UBC Theses and Dissertations
Origins and development of Croat nationalism and the Croat-Magyar controversy, 1790-1847 Stipac, Boris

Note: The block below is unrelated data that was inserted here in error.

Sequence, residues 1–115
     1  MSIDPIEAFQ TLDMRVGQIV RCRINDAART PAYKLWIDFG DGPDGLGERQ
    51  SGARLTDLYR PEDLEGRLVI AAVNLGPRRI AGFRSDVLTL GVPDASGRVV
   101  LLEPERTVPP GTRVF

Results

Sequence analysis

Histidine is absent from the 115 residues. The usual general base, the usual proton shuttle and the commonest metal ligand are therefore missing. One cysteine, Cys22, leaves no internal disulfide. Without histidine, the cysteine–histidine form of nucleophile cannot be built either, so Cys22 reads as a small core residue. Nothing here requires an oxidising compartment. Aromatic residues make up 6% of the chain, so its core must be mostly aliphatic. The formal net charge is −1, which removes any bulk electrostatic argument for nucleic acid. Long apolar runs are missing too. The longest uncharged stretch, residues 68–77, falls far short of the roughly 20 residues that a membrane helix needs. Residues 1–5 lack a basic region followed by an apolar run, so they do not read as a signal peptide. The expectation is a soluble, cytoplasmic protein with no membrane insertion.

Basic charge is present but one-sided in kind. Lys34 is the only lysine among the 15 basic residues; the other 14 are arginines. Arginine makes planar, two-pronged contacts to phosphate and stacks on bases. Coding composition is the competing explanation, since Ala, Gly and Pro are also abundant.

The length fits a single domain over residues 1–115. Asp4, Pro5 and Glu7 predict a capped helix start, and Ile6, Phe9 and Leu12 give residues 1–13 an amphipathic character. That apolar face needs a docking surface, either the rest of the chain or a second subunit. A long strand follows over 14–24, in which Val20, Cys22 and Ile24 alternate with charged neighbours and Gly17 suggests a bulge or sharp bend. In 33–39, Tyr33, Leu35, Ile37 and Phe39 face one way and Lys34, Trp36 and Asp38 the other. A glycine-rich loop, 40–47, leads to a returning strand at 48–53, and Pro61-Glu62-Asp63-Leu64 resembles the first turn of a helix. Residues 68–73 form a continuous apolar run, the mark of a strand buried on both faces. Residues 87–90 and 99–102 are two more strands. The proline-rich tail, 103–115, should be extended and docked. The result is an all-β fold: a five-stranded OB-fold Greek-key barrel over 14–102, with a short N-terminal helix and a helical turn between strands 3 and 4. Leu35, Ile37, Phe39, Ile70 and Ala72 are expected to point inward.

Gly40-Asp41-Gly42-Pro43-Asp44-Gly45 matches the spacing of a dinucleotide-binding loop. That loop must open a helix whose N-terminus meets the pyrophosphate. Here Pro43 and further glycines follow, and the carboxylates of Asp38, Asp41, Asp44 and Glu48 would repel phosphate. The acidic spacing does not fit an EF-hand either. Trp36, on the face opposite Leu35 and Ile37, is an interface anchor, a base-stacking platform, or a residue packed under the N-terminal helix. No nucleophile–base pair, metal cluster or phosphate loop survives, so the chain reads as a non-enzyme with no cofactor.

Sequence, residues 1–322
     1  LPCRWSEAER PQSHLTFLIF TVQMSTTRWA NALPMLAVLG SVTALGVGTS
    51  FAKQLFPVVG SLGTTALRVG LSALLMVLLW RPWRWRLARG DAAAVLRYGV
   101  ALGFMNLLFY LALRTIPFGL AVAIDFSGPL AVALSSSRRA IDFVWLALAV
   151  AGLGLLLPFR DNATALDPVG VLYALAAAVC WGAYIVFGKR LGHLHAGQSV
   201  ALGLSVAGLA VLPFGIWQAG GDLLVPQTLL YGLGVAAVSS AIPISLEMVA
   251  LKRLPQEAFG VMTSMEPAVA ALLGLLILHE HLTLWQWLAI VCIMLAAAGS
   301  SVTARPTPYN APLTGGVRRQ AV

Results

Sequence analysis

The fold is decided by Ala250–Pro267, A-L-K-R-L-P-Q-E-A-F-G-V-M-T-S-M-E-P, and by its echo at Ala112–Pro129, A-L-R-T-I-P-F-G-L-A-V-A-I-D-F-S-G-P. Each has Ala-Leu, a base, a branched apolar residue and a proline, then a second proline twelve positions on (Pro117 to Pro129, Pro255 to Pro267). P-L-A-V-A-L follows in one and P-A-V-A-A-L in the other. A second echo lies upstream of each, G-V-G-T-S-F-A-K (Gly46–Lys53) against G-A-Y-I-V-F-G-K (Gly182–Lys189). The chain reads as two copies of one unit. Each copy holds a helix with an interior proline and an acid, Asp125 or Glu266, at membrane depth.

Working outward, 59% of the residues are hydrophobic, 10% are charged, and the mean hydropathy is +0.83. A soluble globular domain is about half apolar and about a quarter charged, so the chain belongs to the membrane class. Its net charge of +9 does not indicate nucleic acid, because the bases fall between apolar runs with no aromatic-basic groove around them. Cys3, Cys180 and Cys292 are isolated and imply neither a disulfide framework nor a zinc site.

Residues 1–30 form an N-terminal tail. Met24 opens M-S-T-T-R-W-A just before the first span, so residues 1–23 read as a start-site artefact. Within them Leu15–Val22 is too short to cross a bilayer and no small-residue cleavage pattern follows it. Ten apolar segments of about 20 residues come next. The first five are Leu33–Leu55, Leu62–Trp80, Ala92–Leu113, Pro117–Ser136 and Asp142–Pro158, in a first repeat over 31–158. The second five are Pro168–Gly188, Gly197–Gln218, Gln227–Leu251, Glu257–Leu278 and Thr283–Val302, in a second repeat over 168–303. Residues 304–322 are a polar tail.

The purpose of this work is to examine the origins and development of Croat nationalism in the light of the Croat-Magyar relations from the period of Enlightened Absolutism to the eve of the revolutionary year of 1848. Since the development of Croat nationalism was strongly influenced by the Magyar national movement of that period, the bulk of this discussion is devoted to an analysis of the Croat-Magyar controversy caused by the Magyars' desire to magyarize the Croat nation. The main struggle between the two opposing forces took place in the Common Diet composed of the delegates from both nations. However, the Croat national movement itself originated among the young native intellectuals who, as a rule, did not have any direct influence on the proceedings of the Croat legislative house, the Sabor. Under the influence of the Czech, Slovak and Polish nationalists, these intellectuals rendered an invaluable service to the Croat nation. Their work resulted in Croatia's cultural renaissance which subsequently served as the basis for the struggle against Hungary. The author presupposes that the reader possesses adequate knowledge of Croat history in general and of the period discussed in particular. Therefore no attempt has been made to describe or explain some fundamental aspects of Croatia's political and cultural history. Any such endeavour would inevitably remove us from the topic and would be inconsistent with the task of this work. Chapters I and II deal with the background of the problem. Chapter I offers a brief explanation of Croatia's political status within the Habsburg Monarchy. Chapter II describes the origins and background of the Croat national movement which developed, following the year 1832, as the Illyrian Movement. It enables the reader to acquaint himself with the fundamentals and character of the Croat-Magyar controversy and with the political and cultural situation prevailing among the various Croat regions. Chapter III concentrates on the Illyrian Movement itself. It describes extensively the cultural renaissance of the Croats and points out the role and effects of the Illyrian Movement on the Croat-Magyar relations. Here again the author concentrates on the political effects of the cultural renaissance. The literary works of the Illyrians are mentioned and described in so far as they had a direct bearing upon the political situation in Croatia. In Chapter IV, the political nature of the struggle between the two nations reaches its peak. Following the formation of the first political parties and the crisis in the Croat national movement caused by the defeat of the Illyrians at the hands of the Magyarons in the election of 1845, the Croat national idea was finally emancipated. The Croat language finally became the official language for Croatia. Thus the main aim of the Illyrians was accomplished. In the last moment, Croatia emerged fully prepared to face the revolutionary year of 1848.
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